Just in case you’ve been living in a cave, the new Palm Pre smartphone has been officially released. If you wanted an iPhone, but couldn’t stand the lack of a physical keyboard, or if — like my wife — you still carry a Palm and a cell phone, this may be the phone for you.
Like the iPhone, it’s $199 after rebate and agreeing to a two-year contract with Sprint.
Two good reviews from C|NET and the New York Times may help you make a decision, but the true test is to go to a store and see what it feels like to you.
If you have some first-hand Pre experience, or just a pro or con of your own, please leave a comment!
May 8, 2009
Back in October of 2007, I wrote a column entitled Law, Sausage and Nootropics, about the rise in the use of cognition-enhancing drugs like modafinil, comparing it to the temptation to use performance-enhancing drugs among professional cyclists.
Wired Magazine has just caught up with me: Should Creative Workers Use Performance-Enhancing Drugs.
Remember: you read it here first.
April 28, 2009
Google has extended its account called Google Profiles. Here’s the official word. TIME Magazine thinks it’s Google’s beachead in the Facebook/MySpace world:
The similarity to Facebook is no accident. Google profiles are the search giant’s fiendishly clever attempt to turn your ego-surfing pain into their gain. By giving users a modicum of control over the results that appear on a search for their name, Google hopes to establish a social network beachhead and take on wildly popular sites like Facebook and MySpace. Facebook users who otherwise couldn’t be bothered to set up a separate profile page on Google might find the idea appealing if it gives them some control over the Google search results for their name.
If you’re interested in being found on the Web, it’s probably worth taking the 10 minutes or so that setting up a Google Profile will take. As always, it’s a good idea to periodically Google your name and your company name to see what your online reputation looks like.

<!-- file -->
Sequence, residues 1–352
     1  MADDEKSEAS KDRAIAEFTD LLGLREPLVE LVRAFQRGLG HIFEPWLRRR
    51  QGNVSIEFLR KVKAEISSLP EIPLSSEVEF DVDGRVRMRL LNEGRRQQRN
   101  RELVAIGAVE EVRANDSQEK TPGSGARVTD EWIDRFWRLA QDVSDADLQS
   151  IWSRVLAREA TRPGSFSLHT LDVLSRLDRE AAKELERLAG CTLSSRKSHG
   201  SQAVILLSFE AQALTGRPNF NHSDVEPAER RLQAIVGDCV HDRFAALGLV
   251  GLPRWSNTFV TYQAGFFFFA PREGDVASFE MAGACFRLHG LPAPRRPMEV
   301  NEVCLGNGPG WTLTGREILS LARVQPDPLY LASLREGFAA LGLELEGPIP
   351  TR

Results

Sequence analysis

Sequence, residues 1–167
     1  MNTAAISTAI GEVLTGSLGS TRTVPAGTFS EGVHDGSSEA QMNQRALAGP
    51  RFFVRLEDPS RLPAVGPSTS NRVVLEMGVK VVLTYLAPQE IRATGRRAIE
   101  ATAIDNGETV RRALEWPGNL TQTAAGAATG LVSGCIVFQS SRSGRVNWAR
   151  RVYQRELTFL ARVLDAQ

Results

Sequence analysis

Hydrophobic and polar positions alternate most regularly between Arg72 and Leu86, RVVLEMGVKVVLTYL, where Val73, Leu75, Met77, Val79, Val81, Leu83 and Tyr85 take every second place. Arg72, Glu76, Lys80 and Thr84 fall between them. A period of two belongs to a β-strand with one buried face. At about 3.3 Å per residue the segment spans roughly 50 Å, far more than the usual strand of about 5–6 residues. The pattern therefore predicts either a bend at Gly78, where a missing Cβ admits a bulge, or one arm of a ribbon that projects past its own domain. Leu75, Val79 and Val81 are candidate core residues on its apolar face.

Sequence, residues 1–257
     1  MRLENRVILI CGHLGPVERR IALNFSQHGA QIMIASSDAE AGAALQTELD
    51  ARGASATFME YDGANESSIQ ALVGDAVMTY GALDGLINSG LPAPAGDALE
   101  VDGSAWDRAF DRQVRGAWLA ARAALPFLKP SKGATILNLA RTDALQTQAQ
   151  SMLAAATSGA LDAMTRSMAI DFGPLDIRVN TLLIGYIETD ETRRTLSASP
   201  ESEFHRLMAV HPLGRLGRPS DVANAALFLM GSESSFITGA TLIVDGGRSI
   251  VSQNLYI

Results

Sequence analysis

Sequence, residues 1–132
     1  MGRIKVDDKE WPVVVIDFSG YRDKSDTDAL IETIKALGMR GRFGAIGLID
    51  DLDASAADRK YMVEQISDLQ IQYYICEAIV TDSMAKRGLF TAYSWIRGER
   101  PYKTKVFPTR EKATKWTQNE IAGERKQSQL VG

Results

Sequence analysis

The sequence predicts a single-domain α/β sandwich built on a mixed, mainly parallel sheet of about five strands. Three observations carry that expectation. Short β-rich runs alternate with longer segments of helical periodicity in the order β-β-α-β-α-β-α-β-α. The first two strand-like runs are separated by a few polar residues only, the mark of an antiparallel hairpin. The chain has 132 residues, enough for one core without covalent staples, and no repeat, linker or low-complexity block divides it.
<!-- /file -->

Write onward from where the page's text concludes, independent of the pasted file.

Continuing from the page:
April 23, 2009
This is either fascinating or scary, depending on your level of paranoia.
Opt Out of Behavioral Advertising shows you which advertising networks have given cookies to your browser in order to deliver targeted advertising based on your online behavior.
Note that opting out does NOT mean you won’t get ads. You’ll just get ads that are (probably) less interesting to you (by virtue of being un-targeted).
In case you’ve been wondering where I had gone to, I’ve been on vacation. Posting should resume its normal levels shortly.
Thanks to Seth Godin for the pointer.
Older Posts »
April 7, 2009
Amazon announces Elastic MapReduce!
In layman’s terms, you can now use the ultra-powerful divide-and-conquer strategy of MapReduce to solve problems involving large datasets on a pay-only-for-what-you-use basis. The complex framework of a MapReduce system (break a job into many pieces, farm it out, collect the results) is provided for you, and you’ll pay Amazon just pennies an hour for computing resources.
For most of you, the appropriate response is “So What?” But for those who need this capability, the response is indeed, “Holy Crap!” MapReduce, which does much of the magic at Google, is now available to everyone with a problem to solve and a credit card.
See my print article, 2009: Cloudy, with a Chance of Windows, for a concrete example of MapReduce in action. It’s powerful, and now it’s also cheap and easy.